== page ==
For many, the release of Natan Sharansky in 1986 was monumental.
One of the most notable refuseniks held prisoner in the Soviet Union, Sharansky became an inspiration in the Soviet Jewry movement.
Senior Rabbi Rachel Sabath Beit-Halachmi reflected on his impact at Har Sinai-Oheb Shalom Congregation’s event, “Distinguished Voices: An Inspiring Speaker Series on World Jewry,” on Tuesday, June 14.
She recalled how many would wear bracelets bearing his name or listen to Sharansky’s wife, Avital, tell them about what it meant to be a Jewish person in the world at all times.
“It was not just a movement to free Soviet Jewry,” Beit-Halachmi said. “It was actually a movement that taught us about Jewish peoplehood, about what it meant to be a Jew — what it meant to be a human being — committed to freedom and democracy.”
In the second lecture of the Distinguished Voices series, scholar-in-residence Sharansky shared lessons from his journey.
He began by setting the scene growing up in an antisemitic Soviet Union where citizens often hid their true lives out of fear. One notable example came after Joseph Stalin died.
“I was 5 years old. Stalin died, and my father explained to me that it is very good that Stalin died — that we Jews were in a very big danger. But, ‘don’t tell it to anybody, do what everybody does,’” he recalled his father telling him.
The next day, he was at kindergarten with the other children, crying and singing songs to mourn Stalin.
Judaism offered him the chance to be connected to something beyond that life — a history that started thousands of years before and a cultural family that spanned the world.
It’s that sense of identity, he said, that can give you strength to start speaking your mind and become a free person.
Despite the pressure to keep up appearances, Soviet Jews were vocalizing their struggles — even though demonstrations could be shut down in as little as five minutes and mean five years of prison time, Sharansky said.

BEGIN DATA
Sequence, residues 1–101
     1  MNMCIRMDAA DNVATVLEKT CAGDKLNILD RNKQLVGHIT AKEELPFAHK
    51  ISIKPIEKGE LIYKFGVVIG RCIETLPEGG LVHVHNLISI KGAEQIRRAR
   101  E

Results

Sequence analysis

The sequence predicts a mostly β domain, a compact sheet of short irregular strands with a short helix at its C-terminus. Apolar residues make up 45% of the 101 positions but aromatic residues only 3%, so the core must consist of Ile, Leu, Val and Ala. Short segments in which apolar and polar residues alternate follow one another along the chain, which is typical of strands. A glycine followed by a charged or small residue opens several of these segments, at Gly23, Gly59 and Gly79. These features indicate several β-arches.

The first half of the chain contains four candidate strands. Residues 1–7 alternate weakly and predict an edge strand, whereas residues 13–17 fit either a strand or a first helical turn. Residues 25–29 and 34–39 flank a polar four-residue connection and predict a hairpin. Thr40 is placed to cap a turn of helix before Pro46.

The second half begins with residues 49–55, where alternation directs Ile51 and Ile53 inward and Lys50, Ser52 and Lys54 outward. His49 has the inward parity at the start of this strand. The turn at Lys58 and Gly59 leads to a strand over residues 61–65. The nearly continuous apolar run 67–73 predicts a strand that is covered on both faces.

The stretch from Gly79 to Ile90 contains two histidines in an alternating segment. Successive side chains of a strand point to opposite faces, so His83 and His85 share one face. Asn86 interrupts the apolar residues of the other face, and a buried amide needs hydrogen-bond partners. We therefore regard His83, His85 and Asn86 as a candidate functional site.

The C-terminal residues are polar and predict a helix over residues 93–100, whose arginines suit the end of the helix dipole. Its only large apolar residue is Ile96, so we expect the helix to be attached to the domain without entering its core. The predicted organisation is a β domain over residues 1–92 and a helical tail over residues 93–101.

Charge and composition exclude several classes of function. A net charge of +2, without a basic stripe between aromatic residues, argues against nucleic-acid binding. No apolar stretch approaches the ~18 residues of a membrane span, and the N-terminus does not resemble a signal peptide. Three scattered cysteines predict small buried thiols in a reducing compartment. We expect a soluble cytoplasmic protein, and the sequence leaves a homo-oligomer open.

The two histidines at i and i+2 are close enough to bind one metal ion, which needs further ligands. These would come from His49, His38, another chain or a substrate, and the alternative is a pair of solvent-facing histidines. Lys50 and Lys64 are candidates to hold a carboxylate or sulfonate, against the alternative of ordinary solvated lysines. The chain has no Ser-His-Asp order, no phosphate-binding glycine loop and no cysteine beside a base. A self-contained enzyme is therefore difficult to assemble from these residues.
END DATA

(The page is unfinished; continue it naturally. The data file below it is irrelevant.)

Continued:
And American Jews were risking their freedom to be part of that struggle, sending letters for refuseniks — those denied a visa to go to Israel.
Sharansky served nine years in the gulag Soviet labor camps.
Years later, he visited the prison, and a journalist asked him why he would want to go back to a place that had been a source of such pain. But Sharansky saw it as an inspiration.
He noted that the KGB and the Soviet Union don’t exist anymore, yet a million Jews that were imprisoned here and beyond are now free.
“Isn’t it inspiring to think that that is the power which our Jewish people have to change the world?” Sharansky said.
In the second part of the evening, Sharansky sat down for a living room–style chat on modern issues with Beit-Halachmi and Ambassador Rabbi David Saperstein, who served at large during the Obama administration working on religious freedom across the world.
Sharansky found parallels in dealing with struggle — in the pandemic and during his prison time — and suggested always finding some ways to lighten the mood, as he did telling anti-Soviet jokes in prison when no one was allowed to laugh at them.
He joked at the time, “You can’t even laugh if you want to laugh, and you want to say I am in prison, not you?”
Saperstein brought up the Russian-Ukrainian conflict in the context of a global movement of declining democracies beginning in 2006. When asking Sharansky about his “sense of the future of human rights and democracy,” Sharansky replied that the issue was less about democracy than it was about freedom. Problems arise when countries fail to balance a national sense of belonging with a desire for freedom, as evidenced in the imperialist nationalism with which President Vladimir Putin shaped Russia and the freedom-based nationalism of Ukraine, Sharansky said.
It was freedom in identity that Sharansky ultimately connected back to Israel when Beit-Halachmi asked how the Jewish people can have hope moving forward.
“With all our political disagreements … you have one history and one faith,” which are powerful, Sharansky said.